Clinical Services

Good health affects nearly every aspect of daily life. The best possible health is necessary to lead the best possible life. This is no less true for persons with intellectual and developmental disabilities. 


People with intellectual and developmental disabilities have historically had great difficulty obtaining high quality health care. A 2002 report by then Surgeon General identified numerous gaps in health services for people with IDD.  The report provided a blueprint for closing these gaps that included six broad goal areas:    

  • Health Promotion and Community Environments
  • Knowledge and Understanding
  • Quality of Health Care
  • Training of Health Care Providers
  • Health Care Financing
  • Sources of Health Care

The report went on to state that gaps in health services were even wider for people with co-occurring mental health disorders and intellectual disability.  Recommendations included increased research, assessment, diagnosis, and treatment.  Years later, we are still working to close the health care gaps experienced by persons with IDD. 

This lack of high-quality health care has proliferated myths about the IDD population.  For example:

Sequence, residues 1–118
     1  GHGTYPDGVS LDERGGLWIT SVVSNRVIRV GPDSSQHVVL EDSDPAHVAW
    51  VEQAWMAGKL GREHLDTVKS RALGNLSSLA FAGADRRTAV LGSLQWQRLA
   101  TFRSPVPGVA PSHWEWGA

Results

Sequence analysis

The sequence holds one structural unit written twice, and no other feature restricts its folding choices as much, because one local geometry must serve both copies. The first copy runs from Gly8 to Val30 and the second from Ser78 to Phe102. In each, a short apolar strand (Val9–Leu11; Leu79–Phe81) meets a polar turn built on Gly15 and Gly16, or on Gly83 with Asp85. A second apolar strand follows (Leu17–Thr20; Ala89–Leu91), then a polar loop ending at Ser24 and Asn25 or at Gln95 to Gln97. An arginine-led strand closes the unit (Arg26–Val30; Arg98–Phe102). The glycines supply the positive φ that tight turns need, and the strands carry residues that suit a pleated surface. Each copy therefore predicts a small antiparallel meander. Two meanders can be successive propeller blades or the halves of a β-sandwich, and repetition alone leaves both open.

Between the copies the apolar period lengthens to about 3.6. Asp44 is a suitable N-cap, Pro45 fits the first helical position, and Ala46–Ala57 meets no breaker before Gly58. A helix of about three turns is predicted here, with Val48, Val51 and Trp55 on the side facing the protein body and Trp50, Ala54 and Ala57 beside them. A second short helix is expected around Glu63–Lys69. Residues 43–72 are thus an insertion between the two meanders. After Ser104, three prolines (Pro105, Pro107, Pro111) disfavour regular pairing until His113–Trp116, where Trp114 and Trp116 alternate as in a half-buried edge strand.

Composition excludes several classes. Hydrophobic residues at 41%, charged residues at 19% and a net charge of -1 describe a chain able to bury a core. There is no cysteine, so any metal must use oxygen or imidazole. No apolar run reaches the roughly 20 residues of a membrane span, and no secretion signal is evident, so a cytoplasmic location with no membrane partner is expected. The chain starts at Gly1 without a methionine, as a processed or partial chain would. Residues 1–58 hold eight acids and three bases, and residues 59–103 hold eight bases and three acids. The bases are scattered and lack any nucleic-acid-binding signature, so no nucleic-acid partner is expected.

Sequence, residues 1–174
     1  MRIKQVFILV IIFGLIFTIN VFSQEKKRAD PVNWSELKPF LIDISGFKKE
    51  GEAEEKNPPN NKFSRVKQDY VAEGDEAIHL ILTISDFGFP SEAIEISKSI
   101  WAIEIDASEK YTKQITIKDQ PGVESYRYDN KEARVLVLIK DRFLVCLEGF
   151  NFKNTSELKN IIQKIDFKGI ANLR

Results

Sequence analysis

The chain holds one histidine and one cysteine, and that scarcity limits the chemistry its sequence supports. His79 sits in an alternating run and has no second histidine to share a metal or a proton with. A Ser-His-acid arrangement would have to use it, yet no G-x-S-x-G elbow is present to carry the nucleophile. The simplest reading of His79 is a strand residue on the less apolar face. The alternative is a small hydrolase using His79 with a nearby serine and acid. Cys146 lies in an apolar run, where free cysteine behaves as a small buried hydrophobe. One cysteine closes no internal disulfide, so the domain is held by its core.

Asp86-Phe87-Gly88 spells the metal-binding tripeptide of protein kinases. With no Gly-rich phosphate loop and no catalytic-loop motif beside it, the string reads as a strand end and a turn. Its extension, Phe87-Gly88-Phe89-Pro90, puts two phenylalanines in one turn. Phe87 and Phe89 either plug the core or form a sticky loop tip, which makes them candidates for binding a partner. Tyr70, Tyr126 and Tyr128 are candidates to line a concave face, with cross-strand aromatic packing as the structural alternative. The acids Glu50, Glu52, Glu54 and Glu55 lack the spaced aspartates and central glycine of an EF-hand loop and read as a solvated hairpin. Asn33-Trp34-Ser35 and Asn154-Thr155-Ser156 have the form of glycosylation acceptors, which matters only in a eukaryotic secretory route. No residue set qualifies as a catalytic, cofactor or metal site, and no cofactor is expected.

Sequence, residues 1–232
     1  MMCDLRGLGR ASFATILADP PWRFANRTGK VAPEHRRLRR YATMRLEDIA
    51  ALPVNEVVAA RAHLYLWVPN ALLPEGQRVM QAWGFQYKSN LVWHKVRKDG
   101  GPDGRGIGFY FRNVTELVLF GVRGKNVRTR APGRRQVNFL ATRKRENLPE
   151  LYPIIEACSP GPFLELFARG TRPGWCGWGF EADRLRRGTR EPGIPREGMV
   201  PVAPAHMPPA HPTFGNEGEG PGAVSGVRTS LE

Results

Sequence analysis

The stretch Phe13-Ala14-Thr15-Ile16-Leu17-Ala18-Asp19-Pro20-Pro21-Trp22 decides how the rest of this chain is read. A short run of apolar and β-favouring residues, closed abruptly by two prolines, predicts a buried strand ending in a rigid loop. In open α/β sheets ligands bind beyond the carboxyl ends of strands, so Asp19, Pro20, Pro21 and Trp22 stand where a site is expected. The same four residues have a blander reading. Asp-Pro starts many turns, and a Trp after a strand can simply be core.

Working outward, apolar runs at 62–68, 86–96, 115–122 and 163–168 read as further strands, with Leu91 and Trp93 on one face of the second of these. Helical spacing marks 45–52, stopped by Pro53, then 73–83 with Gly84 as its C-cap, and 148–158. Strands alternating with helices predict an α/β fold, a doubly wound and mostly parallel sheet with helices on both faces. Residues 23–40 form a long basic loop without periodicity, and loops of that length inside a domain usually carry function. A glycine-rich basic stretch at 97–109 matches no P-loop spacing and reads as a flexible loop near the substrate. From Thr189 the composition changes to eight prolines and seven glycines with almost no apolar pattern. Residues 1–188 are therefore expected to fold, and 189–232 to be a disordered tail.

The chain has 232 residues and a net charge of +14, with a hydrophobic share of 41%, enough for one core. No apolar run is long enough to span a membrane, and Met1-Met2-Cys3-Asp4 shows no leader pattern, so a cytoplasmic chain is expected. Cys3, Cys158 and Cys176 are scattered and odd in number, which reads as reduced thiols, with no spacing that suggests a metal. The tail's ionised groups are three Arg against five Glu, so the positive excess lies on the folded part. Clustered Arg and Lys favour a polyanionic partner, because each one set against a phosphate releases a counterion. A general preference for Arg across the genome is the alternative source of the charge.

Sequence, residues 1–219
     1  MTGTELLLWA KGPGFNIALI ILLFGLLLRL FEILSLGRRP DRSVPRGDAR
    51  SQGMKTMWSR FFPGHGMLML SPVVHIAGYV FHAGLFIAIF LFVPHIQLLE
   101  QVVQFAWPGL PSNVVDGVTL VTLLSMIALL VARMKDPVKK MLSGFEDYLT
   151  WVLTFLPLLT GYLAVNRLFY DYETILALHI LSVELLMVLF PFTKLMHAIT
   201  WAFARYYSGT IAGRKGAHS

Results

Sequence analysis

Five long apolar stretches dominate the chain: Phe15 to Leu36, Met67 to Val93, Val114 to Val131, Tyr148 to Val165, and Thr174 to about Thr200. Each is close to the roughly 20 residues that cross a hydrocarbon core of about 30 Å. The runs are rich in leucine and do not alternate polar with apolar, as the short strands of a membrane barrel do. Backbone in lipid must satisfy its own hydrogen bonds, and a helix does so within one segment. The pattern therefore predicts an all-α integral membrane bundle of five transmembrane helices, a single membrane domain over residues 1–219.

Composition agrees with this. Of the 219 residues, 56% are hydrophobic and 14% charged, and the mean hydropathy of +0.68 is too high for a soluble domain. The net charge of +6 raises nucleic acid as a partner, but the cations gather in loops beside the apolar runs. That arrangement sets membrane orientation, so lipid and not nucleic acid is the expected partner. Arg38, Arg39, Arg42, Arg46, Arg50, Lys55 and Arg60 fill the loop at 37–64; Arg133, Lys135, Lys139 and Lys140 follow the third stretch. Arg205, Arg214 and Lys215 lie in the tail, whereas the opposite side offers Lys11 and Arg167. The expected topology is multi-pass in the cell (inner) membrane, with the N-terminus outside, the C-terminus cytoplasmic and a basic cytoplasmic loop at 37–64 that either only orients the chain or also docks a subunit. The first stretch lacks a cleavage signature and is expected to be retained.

Myth: People with Down Syndrome (DS) do not live very far into adulthood. 
Fact: People with DS can live productively with a median life span of almost 57 years.

Myth:  People with IDD are destined to have poor health and a low quality of life. 
Fact:  When people with IDD have a foundation of optimal health they can live their best life.

The DIDD Clinical Services Division seeks to partner with community providers to break down these myths and help people with IDD optimize their health.   Health and clinical services significantly contribute to well-being, independence, and productivity. The DIDD Clinical Services Division has committed itself to increase access to high quality health services so that Tennesseans with disabilities have the opportunity for a prosperous and satisfying life.   



Office of the Surgeon General (US); National Institute of Child Health and Human Development (US); Centers for Disease Control and Prevention (US). Closing the Gap: A National Blueprint to Improve the Health of Persons with Mental Retardation: Report of the Surgeon General's Conference on Health Disparities and Mental Retardation. Washington (DC): US Department of Health and Human Services; 2002. Introduction. Available from: